Google Invests £80m Into European Start-Ups

Matt Broersma is a long standing tech freelance, who has worked for Ziff-Davis, ZDnet and other leading publications

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Google has created a dedicated venture fund for European technology companies

Google Ventures, the search company’s investment arm, has put $125m (£80m) into European start-ups in 2014 as part of a newly dedicated fund.

The investments were part of an overall $425m venture funding invested by Google this year, up from $300m in 2012 and 2013. The company said it plans to allocate a similar amount to venture investing in the coming year, to be divided up along similar lines.

moneyGoogle Ventures was founded in 2009 to provide seed, venture and growth-stage funding for technology companies. Google notably invested $258m to taxi startup Uber last year, as well as investing in smart home company Nest, which it later acquired.

Currently Google has venture has investments in 282 companies, with 16 exiting the programme through acquisitions or public share offerings this year.

In 2014 Google’s investments shifted substantially away from consumer-oriented start-ups such as Uber, placing a greater emphasis upon healthcare technology. Consumer investments dropped from 66 percent of the total in 2013 to 8 percent this year, while the healthcare sector received one-third of Google Ventures’ funding this year, up from nine percent in the previous two years.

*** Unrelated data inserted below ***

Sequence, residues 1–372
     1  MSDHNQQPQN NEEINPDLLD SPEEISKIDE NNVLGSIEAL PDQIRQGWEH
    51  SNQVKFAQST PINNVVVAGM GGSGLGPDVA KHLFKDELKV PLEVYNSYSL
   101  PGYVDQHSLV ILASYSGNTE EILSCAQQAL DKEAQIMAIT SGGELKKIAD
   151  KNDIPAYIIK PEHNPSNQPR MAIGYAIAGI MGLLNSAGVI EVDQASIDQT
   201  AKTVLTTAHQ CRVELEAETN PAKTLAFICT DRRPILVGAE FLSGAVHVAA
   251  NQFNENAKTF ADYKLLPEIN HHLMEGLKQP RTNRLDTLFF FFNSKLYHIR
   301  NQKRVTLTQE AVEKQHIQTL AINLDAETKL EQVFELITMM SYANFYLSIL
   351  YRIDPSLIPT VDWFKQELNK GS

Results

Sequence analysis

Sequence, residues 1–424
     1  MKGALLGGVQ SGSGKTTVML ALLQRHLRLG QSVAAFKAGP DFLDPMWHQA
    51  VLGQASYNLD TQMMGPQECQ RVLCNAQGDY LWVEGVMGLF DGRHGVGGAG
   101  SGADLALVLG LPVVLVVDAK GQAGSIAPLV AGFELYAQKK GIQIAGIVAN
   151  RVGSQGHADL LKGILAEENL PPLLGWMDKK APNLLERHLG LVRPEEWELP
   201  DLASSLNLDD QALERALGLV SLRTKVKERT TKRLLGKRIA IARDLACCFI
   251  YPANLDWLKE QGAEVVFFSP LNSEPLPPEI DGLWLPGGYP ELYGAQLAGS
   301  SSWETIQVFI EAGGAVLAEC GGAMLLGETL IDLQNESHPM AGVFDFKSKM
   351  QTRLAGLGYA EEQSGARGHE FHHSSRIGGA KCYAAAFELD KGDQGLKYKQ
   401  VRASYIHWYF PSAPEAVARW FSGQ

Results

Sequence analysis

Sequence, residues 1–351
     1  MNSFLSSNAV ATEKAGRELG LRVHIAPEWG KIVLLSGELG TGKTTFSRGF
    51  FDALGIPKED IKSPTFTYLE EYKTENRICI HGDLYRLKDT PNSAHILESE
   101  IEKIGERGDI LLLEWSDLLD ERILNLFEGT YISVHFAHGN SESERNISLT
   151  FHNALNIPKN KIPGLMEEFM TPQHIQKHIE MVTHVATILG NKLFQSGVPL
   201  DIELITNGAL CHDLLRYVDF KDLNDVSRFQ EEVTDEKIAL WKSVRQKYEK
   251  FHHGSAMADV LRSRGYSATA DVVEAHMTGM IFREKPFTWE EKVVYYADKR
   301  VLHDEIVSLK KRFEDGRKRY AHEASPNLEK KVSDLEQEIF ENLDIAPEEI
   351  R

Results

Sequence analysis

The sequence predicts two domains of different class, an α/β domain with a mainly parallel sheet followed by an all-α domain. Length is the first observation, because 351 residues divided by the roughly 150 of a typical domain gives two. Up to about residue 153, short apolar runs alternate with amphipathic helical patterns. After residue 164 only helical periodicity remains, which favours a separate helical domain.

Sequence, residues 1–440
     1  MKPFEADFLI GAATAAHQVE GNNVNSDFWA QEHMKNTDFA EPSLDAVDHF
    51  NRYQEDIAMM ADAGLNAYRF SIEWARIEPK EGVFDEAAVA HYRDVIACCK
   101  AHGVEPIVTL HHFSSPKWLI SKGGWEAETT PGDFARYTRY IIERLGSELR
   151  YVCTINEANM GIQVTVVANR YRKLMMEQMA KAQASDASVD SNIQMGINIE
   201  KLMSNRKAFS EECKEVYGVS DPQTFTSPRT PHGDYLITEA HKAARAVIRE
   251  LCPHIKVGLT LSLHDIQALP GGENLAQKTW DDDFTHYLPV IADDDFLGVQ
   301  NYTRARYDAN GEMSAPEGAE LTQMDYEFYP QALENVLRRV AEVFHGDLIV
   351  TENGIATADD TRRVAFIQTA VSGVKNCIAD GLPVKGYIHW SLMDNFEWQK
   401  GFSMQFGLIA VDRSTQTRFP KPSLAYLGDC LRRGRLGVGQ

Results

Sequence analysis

The healthcare investments included more than $100m into Flatiron Health, which analyses cancer-patient data for doctors and hospitals, and Google Ventures head Bill Maris told the Wall Street Journal that in general the company is looking to take advantage of a huge growth in patient data and ways of analysing it.

New technologies for older industries

Flatiron chief executive Nat Turner told the Journal that Google is looking to invest in technologies that are changing older industries, and that suit its big-data focus.

Flatiron is Google Ventures’ second-largest single venture investment, after Uber.

In 2014, healthcare and life sciences represented more than one-third of Google’s venture investments, with mobile receiving 27 percent and enterprise and data start-ups receiving 24 percent.

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